Table 1: The distribution of the mean scores on the internet addiction scale by socio-demographic characteristics.

For those who responded to this survey, gender was not correlated with depression state, r=0.0750637027047903, which can’t be considered as a large effect. No correlation between gender and Internet addiction state, r=0.0775485393551834, which can’t also be considered as a large effect.

However, several limitations of the study should be noted, diagnosis of depression and internet addiction were established based on selfadministrated questionnaires. Neither personal interviews nor a specialist opinion was conducted to confirm the diagnosis. 2. Representation of the population. As the data was collected by online survey, the participants of the study don’t necessarily represent the population. In conclusion, this investigation reports that internet addiction affects anxiety, depression, and stress directly. Students high in internet addiction are more likely to vulnerability to anxiety, depression, and stress. So, the current findings increase our understanding of the relationships between internet addiction and anxiety, stress, and depression. It is seen that there are significant correlations between internet addiction and depression, anxiety, and stress. Internet addiction-related positively to depression (r=0.66, p<0.01), stress (r=0.65, p<0.01) and anxiety (r=0.62, p<0.01).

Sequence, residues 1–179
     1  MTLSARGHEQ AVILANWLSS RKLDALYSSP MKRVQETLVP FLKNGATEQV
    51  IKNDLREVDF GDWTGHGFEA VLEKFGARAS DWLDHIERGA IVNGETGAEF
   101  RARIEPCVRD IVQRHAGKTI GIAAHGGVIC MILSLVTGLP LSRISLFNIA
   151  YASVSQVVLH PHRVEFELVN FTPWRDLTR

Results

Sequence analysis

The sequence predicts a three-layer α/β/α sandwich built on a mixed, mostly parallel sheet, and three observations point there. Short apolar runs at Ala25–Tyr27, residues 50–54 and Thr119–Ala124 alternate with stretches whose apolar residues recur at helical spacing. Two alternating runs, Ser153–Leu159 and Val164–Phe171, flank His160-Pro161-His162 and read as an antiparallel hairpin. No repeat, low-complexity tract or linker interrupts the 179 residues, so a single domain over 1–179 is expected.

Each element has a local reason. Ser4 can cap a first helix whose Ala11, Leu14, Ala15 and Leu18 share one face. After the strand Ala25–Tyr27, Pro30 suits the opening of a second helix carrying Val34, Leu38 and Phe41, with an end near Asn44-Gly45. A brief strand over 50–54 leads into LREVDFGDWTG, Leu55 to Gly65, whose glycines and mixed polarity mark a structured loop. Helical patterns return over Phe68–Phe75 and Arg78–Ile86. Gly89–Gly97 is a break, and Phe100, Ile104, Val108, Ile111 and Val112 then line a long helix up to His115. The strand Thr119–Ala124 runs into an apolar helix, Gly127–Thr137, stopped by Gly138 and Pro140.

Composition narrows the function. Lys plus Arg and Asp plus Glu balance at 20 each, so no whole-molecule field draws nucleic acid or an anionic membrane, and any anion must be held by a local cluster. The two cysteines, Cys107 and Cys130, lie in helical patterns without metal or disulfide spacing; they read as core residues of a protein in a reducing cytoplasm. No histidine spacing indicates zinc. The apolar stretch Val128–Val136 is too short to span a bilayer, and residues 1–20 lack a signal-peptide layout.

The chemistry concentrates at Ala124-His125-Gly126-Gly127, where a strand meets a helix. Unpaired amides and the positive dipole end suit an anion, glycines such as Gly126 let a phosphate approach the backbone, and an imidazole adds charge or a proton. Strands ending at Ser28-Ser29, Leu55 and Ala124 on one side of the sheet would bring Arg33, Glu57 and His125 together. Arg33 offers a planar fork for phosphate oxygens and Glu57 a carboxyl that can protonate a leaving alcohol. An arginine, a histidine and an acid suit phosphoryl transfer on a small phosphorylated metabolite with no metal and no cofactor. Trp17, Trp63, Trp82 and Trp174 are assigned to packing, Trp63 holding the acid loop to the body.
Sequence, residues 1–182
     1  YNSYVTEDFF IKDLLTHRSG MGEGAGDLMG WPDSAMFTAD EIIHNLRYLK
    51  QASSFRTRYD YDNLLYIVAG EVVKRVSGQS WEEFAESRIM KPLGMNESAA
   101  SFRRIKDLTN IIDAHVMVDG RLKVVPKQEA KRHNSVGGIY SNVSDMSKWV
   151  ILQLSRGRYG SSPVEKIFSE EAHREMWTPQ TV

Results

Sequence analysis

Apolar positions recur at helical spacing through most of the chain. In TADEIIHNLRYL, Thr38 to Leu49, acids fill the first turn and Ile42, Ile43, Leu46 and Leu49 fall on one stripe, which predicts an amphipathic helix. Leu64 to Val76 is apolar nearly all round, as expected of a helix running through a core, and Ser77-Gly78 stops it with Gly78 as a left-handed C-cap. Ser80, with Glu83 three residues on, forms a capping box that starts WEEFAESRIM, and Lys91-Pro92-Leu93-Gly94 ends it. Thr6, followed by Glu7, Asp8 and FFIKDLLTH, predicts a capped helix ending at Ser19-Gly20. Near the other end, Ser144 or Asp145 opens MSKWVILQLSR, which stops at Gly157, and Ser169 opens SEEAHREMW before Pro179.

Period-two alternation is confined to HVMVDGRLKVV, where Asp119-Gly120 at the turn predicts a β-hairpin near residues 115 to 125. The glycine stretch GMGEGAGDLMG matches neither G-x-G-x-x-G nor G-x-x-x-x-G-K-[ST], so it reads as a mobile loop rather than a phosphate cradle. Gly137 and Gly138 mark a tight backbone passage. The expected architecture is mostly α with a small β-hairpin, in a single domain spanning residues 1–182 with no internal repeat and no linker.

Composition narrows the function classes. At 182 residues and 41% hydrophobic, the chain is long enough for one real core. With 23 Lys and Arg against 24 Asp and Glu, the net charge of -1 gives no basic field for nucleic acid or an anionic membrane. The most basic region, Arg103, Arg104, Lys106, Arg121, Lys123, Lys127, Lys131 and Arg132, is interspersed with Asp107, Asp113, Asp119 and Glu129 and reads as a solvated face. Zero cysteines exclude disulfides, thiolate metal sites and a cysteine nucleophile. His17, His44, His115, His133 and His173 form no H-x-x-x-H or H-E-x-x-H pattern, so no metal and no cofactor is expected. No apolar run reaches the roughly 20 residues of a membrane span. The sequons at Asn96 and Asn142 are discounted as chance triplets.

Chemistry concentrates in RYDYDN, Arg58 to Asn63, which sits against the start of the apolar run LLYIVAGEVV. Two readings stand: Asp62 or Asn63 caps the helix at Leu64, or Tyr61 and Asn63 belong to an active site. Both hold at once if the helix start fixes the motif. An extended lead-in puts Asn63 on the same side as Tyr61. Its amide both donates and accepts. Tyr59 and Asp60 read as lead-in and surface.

Structural equation modeling

Assumed sample was studded by structural equation modeling (SEM). The following Figure 1 shows the results of SEM analysis. After collecting data the pattern adapted well. (χ2=1.23, DF=1, p=0.26745, AGFI=0.98, GFI=1.00, NFI=1.00, RFI=0.99, RMSEA=0.028, CFI=1.00, and IFI=1.00) and also accounted for 41% of the anxiety, 42% of the stress and 46% of the depression variances (Table 2).

Figure 1: Path analysis between internet addiction, depression, anxiety and stress.

Characteristics of Internet usage N (%) Scale Score Median (min-max) Statistical Analysis Z/x2:p Multiple Comparision p
Age at first internet use (years)
= 9 (1) 1214 (35.3) 34.57 (0.81) 190.870; 0.000 2-1 0.000
10-12 (2) 1245 (36.2) 25.53 (0.81) 3-1 0.000
= 13 (3) 983 (28.6) 23.31 (0.81) 3-2 0.01
Accessibility of internetat the residence
Available 3295 (95.7) 28.19 (0-81) 0.408; 0.684 - -
Unavailable 147 (4.3) 25.79 (0-70) - -
Frequency of internet usage
A few times a day (1) 2354 (68.4) 37.34 (9-81) 1764.278; 0.000 3-2 0.172
A few times a week (2) 748 (21.7) 8.04 (1-75) 3-1 0.000
A few times a month (3) 340 (9.9) 7.49 (0-67) 2-1 0.000
Time spent on the internet daily (h)
= 3 (1) 779 (22.6) 3.54 (0-8) 3174.495; 0.000 1-2 1
4-6 (2) 1136 (33.0) 16.50 (8-27) 1-3  
7-12 (3) 1036 (30.1) 41.11 (28-54) 1-4  
13 (4) 491 (14.3) 66.35 (55-81) 2-3  
- - - 2-4  
- - - 3-4  
Total 3442 (100.0) 28.02 (0-81)   - -

Table 2: Distribution of mean scores of the students on the internet addiction scale according to some of the characteristics of their internet usage.